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© Sandrine Etienne-Manneville
Photo prise à l'avant (dans la protrusion) d'astrocytes primaires de rat en migration. Marquage par immunofluorescence montrant en rouge, p150 Glued, une protéine associée aux extrémités 'plus' des microtubules et en vert la tubuline des microtubules. La photographie montre l'accumulation de p150 Glued à l'avant des cellules en migration, où la protéine pourrait participer à l'ancrage des microtubules à la membrane plasmique. Pour essayer de corriger, les dérèglements observés lors de la migration des cellules d'astrocytes tumuraux ou gliomes on cherche à connaitre les mécanismes moléculaires fondamentaux qui controlent la polarisation et la migration cellulaires.
Publication : The Journal of biological chemistry

RTX calcium binding motifs are intrinsically disordered in the absence of calcium: implication for protein secretion

Scientific Fields
Diseases
Organisms
Applications
Technique

Published in The Journal of biological chemistry - 17 Nov 2008

Chenal A, Guijarro JI, Raynal B, Delepierre M, Ladant D

Link to Pubmed [PMID] – 19015266

J. Biol. Chem. 2009 Jan;284(3):1781-9

The Repeat in Toxin (RTX) motif is a tandemly repeated calcium-binding nonapeptide sequence present in proteins that are secreted by the type I secretion system (T1SS) of Gram-negative bacteria. Here, we have characterized the structural and hydrodynamic properties of the RTX Repeat Domain (RD) of the CyaA toxin from Bordetella pertussis. This 701-amino acid long domain contains about 40 RTX motifs. We showed that, in the absence of calcium, RD was natively disordered, weakly stable, and highly hydrated. Calcium binding induced compaction and dehydration of RD, along with the formation of stable secondary and tertiary structures. The calcium-induced conformational switch between unfolded conformations of apo-RD and stable structures of holo-RD is likely to be a key property for the biological function of the CyaA toxin: in the low calcium environment of the bacterial cytosol, the intrinsically disordered character of the protein may facilitate its secretion through the secretion machinery. In the extracellular medium, calcium binding can then trigger the folding of the polypeptide into its functional state. The intrinsic disorder of RTX-containing proteins in the absence of calcium may thus be directly involved in the efficient secretion of proteins through T1SS.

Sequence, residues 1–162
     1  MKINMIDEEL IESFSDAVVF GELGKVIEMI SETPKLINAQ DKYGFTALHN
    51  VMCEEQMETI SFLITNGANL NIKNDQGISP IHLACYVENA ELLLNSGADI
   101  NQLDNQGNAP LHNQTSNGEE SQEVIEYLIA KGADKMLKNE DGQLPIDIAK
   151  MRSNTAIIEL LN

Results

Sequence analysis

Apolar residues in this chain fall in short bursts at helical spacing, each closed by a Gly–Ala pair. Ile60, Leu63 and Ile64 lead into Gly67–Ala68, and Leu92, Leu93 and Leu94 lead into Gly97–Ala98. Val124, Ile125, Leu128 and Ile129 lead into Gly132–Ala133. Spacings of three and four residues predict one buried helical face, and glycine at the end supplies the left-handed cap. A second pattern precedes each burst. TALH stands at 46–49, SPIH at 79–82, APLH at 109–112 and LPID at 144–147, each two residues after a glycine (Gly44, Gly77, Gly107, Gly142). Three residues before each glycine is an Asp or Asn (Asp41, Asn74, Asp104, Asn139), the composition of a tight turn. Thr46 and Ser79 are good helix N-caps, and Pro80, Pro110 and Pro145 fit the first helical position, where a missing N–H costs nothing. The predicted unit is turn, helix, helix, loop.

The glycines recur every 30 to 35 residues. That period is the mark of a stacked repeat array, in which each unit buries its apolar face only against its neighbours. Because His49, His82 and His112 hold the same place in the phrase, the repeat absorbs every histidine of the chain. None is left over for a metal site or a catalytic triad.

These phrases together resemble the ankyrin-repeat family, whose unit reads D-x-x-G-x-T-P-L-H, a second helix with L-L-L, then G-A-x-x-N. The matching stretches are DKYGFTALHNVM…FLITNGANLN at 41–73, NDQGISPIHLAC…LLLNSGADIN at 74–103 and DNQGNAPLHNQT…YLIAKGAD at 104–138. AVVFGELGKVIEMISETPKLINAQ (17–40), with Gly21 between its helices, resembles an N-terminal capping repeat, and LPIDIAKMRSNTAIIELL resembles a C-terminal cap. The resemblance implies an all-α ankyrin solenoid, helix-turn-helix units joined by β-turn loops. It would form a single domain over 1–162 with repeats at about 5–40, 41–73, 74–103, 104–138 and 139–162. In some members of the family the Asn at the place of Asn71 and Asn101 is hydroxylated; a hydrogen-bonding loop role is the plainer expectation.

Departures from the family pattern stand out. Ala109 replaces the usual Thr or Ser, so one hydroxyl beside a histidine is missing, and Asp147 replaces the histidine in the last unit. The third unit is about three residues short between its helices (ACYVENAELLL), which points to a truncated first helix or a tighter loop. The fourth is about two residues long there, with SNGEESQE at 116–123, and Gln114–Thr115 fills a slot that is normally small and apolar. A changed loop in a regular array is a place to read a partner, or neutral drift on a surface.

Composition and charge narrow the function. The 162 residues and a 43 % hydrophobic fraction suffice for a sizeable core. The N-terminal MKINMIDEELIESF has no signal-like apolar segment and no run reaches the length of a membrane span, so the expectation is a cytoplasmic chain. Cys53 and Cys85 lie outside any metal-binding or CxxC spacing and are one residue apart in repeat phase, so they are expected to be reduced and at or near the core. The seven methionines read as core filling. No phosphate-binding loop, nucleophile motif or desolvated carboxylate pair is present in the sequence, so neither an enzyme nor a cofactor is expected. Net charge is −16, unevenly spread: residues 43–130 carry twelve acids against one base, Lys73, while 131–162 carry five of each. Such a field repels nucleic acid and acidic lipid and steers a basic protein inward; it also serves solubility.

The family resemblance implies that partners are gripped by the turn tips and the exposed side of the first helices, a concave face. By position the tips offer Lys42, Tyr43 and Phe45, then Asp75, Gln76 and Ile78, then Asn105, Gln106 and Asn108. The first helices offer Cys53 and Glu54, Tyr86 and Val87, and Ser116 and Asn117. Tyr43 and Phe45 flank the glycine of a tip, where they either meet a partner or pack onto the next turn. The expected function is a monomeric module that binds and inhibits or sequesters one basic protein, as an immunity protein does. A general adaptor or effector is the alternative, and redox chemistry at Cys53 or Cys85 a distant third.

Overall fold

https://www.ncbi.nlm.nih.gov/pubmed/19015266